WALLA WALLA -- The U.S. Army Corps of Engineers has released a plan that lays out how a study would be done to breach one or more of the lower Snake River dams.
Lt. Col. Michael Farrell, commander of the Corps' Walla Walla District, said in a release that while the status of the Snake River salmon species has improved, "this plan of study is ready should the administration determine that an examination of the risks and benefits of breaching is needed.
"While the Obama administration views dam breaching as a contingency of last resort, it recognizes that conditions may change and we need to lay out the steps to be taken," Farrell said.
The Corps completed a comprehensive feasibility study in 2002. The study evaluated, but did not recommend, the implementation of dam breaching.
The plan of study describes two phases. The first is the completion of technical studies. The next step would be a review by the administration, and, if necessary, development of an environmental impact statement that would include a comprehensive public involvement process. The feasibility report and environmental impact statement could be used to seek congressional authority to breach one or more of the Lower Snake River dams.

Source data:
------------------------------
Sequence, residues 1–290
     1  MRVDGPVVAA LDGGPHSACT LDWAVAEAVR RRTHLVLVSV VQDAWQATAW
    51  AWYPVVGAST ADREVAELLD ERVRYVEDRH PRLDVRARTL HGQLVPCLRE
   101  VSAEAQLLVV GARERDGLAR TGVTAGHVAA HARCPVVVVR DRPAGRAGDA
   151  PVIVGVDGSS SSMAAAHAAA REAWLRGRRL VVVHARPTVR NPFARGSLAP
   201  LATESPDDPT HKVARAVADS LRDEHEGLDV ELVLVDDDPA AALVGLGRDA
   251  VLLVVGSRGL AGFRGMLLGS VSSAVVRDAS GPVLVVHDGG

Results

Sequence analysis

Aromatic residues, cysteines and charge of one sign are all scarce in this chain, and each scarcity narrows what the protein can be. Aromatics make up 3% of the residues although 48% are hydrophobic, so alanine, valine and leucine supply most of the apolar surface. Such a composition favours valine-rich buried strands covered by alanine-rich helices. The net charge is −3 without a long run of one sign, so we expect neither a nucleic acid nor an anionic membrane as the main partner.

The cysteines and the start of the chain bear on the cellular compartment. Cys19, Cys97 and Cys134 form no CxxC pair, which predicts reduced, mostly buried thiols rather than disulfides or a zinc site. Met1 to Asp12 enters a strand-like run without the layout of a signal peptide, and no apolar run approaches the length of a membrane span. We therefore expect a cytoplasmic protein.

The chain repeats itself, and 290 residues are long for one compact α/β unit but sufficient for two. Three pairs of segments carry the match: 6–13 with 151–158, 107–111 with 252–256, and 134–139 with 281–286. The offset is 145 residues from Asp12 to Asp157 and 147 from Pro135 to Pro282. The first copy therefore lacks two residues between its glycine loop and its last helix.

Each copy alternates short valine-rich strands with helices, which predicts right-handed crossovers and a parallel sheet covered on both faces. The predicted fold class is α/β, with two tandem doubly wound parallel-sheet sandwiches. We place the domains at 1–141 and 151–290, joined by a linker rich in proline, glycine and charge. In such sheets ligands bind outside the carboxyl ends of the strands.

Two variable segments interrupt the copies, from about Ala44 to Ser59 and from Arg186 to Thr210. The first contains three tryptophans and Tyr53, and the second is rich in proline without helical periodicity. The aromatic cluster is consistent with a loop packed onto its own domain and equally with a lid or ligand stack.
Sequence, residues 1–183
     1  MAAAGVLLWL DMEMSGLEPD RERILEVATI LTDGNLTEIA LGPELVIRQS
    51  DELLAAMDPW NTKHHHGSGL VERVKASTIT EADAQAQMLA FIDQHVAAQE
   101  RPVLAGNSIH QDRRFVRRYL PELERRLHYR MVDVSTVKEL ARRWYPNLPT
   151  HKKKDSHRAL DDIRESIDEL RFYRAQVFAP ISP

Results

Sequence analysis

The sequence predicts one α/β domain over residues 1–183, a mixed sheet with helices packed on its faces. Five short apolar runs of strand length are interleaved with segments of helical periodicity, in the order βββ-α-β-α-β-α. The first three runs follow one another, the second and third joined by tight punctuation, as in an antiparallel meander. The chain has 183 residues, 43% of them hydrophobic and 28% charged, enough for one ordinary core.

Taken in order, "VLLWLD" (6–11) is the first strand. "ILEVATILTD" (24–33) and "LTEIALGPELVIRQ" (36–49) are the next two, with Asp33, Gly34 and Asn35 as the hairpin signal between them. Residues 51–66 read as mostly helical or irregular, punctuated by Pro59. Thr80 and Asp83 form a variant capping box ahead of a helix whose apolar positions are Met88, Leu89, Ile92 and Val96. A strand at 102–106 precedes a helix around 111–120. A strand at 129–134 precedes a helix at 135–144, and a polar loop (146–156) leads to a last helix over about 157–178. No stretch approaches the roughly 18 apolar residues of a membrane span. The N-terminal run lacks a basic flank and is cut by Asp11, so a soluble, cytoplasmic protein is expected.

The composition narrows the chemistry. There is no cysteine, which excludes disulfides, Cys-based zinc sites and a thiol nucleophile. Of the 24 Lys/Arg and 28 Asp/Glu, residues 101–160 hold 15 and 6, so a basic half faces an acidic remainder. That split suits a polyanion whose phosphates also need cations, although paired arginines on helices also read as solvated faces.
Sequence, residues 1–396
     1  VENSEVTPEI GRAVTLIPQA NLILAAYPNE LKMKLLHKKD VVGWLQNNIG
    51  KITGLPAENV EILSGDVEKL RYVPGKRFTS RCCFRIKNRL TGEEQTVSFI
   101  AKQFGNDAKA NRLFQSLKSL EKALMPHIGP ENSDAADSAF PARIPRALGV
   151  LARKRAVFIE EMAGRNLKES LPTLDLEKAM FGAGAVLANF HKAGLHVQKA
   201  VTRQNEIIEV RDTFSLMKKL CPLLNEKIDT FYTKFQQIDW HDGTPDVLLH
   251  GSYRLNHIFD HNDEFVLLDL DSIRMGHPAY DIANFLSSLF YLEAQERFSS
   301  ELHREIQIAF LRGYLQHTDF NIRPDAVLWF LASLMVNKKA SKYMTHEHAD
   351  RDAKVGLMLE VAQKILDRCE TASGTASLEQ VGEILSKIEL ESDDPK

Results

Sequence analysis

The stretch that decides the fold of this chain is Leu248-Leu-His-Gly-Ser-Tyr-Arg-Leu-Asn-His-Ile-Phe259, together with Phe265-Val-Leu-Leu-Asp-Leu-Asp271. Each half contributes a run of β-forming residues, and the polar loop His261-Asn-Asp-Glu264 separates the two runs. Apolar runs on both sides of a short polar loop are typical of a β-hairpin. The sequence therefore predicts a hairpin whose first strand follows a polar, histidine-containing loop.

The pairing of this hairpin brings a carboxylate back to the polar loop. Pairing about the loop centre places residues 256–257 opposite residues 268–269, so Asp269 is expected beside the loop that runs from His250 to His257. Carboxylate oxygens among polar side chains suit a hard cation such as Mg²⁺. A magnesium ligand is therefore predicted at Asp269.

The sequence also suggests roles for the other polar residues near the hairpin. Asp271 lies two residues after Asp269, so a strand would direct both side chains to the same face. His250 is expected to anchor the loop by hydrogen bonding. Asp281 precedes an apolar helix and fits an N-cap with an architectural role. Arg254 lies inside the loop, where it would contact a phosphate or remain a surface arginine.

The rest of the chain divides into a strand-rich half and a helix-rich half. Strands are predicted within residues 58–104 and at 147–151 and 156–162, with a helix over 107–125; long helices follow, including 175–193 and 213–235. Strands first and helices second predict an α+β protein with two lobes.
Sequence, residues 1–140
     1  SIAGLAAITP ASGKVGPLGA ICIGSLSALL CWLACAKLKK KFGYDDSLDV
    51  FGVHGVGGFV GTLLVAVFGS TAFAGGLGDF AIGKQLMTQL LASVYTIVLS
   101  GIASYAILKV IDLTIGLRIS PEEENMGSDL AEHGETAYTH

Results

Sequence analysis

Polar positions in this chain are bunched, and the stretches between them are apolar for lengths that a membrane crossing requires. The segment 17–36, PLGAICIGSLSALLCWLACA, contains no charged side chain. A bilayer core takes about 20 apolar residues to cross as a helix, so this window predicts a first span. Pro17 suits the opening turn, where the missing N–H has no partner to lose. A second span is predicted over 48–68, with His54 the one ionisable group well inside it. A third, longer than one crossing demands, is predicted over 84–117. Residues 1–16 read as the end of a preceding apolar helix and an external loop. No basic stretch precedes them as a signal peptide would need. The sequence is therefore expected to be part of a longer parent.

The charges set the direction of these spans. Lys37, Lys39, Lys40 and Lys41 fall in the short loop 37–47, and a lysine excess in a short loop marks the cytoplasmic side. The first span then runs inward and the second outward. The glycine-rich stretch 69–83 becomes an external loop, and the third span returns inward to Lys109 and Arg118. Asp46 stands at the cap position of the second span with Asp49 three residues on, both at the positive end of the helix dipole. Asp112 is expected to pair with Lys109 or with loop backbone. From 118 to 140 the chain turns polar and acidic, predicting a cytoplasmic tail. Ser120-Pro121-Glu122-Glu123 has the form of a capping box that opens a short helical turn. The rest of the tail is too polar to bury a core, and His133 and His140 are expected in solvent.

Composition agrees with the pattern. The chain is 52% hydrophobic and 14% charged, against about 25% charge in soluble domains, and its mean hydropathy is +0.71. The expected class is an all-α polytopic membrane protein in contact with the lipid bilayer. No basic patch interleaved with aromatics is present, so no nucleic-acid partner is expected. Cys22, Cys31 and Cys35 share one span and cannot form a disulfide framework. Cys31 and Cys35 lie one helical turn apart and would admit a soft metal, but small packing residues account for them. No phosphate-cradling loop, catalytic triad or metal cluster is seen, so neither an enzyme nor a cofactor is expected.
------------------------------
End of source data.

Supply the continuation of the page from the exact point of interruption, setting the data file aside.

The lower Snake River dams affect four of the 13 listed species of salmon and steelhead in the Columbia River Basin, Farrell said. The Corps' preferred alternative to dam breaching has focused on improving juvenile salmon migration through the dams by changes in river operations and making major system passage improvements.
"Any decision regarding dam breaching will be guided by the best available science and any biological effects on the species," said Farrell, adding that the Corps operates its dams to meet expectations laid out in the federal biological opinion for adult and juvenile fish passage.
The dams operated by the Corps on the lower Snake River are Ice Harbor, Lower Monumental, Little Goose and Lower Granite.